Gloomy data makes investors more cautious on global economy


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Global stocks were mostly down and oil slipped on Tuesday as declining factory activity in the euro zone and China tempered investors’ optimism over U.S. economic prospects and a likely end to Fed rate hikes.

Markets also digested fresh U.S. manufacturing data, which appeared to stabilize at weaker levels in July amid a gradual improvement in new orders. Other data showed U.S. job openings fell to the lowest level in more than two years in June, but remained at levels consistent with tight labour market conditions.

On Wall Street, The Dow Jones Industrial Average was virtually flat at 35,566.76, the S&P 500 lost 0.42%, to 4,569.61 and the Nasdaq Composite dropped 0.78%, to 14,233.63.

Shares of Merck & Co dipped 0.1% even though it raised its full-year profit forecast. Pfizer  missed estimates for quarterly revenue but its shares gained 1% after the drugmaker said it would launch a program to cut costs if demand for its COVID-19 products remains muted this fall; and Caterpillar Inc rose 7% after reporting a better than expected rise in second-quarter profit, although it also warned on third-quarter sales and margins.

European stocks fell 0.6%, deepening losses through the morning and stepping back from a 2% increase in July, the index’s second month of gains.

UK stocks were little changed, though HSBC climbed as much as 3% after announcing a $2 billion share buyback and raising its key profitability target.

Losses accelerated across European markets after data showed manufacturing activity in the bloc contracted in July at the fastest pace since May 2020 amid slumping demand even as factories cut their prices sharply.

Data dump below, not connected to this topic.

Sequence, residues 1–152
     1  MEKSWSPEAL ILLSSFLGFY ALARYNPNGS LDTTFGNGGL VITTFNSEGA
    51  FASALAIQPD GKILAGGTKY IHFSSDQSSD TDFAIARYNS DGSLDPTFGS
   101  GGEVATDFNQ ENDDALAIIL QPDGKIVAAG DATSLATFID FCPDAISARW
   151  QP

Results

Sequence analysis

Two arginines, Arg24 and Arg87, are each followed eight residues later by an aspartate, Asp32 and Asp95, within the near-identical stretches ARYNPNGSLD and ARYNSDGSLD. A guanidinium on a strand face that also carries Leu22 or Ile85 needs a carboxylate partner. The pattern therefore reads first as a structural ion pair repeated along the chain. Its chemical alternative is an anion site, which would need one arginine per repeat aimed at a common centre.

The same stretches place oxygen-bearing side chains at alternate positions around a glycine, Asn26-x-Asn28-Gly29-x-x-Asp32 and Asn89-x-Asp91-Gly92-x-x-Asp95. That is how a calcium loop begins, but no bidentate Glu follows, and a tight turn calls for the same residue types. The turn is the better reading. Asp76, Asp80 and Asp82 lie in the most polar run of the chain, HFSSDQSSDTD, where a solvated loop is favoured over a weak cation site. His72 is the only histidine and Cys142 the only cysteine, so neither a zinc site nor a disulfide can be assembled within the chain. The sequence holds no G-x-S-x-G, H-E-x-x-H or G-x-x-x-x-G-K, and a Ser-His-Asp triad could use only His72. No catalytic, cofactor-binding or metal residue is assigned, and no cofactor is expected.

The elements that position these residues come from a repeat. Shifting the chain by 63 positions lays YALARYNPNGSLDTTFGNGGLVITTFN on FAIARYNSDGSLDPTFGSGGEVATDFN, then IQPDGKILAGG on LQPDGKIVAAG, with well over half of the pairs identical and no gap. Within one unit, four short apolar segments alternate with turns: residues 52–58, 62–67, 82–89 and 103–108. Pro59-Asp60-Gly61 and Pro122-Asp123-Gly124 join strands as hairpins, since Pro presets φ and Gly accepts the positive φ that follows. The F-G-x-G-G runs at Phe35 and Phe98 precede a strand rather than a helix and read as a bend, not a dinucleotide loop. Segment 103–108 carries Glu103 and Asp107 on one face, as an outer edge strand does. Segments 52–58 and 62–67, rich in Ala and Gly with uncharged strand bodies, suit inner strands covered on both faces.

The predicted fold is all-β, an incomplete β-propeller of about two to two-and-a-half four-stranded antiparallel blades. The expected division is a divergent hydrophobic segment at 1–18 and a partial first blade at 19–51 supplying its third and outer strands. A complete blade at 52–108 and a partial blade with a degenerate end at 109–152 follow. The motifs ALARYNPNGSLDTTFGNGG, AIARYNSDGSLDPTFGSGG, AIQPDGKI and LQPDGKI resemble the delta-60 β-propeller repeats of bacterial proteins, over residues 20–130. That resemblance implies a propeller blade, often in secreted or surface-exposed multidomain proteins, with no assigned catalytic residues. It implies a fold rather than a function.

The data disappointed investors who are readying for an end to a series of U.S. Federal Reserve interest rate hikes, with an increase last week widely seen as one of the last in its current tightening cycle.

The yield on 10-year Treasury notes was up 8.4 basis points at 4.041%. The two-year yield, which typically moves in step with interest rate expectations, was up 2.8 basis points at 4.902%.

Market players put Tuesday’s losses down to a combination of profit taking at the start of the month, as well as nerves over the health of the global economy.

“The economy is a little bit weaker than perhaps people would like, and I think that’s a concern for earnings growth heading into the second half of the year,” said Michael Hewson, chief market analyst at CMC Markets.

The MSCI world equity index, which tracks shares in 47 countries, fell 0.6% after gaining 3.5% last month.

Oil prices traded near a three-month high hit on Monday amid signs of tightening global supply. Also underpinning prices were producers cutting output and demand in the United States, the world’s biggest fuel consumer, remaining resilient. U.S. crude fell 0.64% to $81.28 per barrel and Brent was at $84.95, down 0.56% on the day.

Energy giant BP gained 0.8% and boosted its dividend by 10% after reporting a second-quarter profit of $2.6 billion, down 70% from a year earlier.

The U.S. dollar index , which measures the currency against six major peers, rose 0.44% to as high as $102.35 for the first time since July 10.

The dollar also hit a three-week high against the yen as investors continued to seek clarity on the Bank of Japan’s recent adjustment to its yield curve control and what that might mean for monetary policy.

MSCI’s broadest index of Asia-Pacific shares traded down 0.4%, just below the high reached Monday, which was its strongest since April last year.

Still, many investors remain positive.

“Markets are fully focusing on the bright side of the puzzle,” said Sandrine Perret, portfolio manager at Unigestion. “The market reaction since last week, after the Fed rally, has been really strong and resilient.”


Signs of a peaking out in European inflation on Monday echoed the narrative in the United States, providing more evidence that the biggest central banks are nearing the end of their tightening cycles.

Yet other data gave cause for caution on prospects for the global economy.

China’s stumbling post-pandemic recovery remained in focus, for instance, after a surprise contraction in manufacturing in a private-sector survey released Tuesday.

The positive U.S. narrative also faces some crucial tests this week, with several closely watched jobs reports due, culminating with monthly payrolls on Friday.

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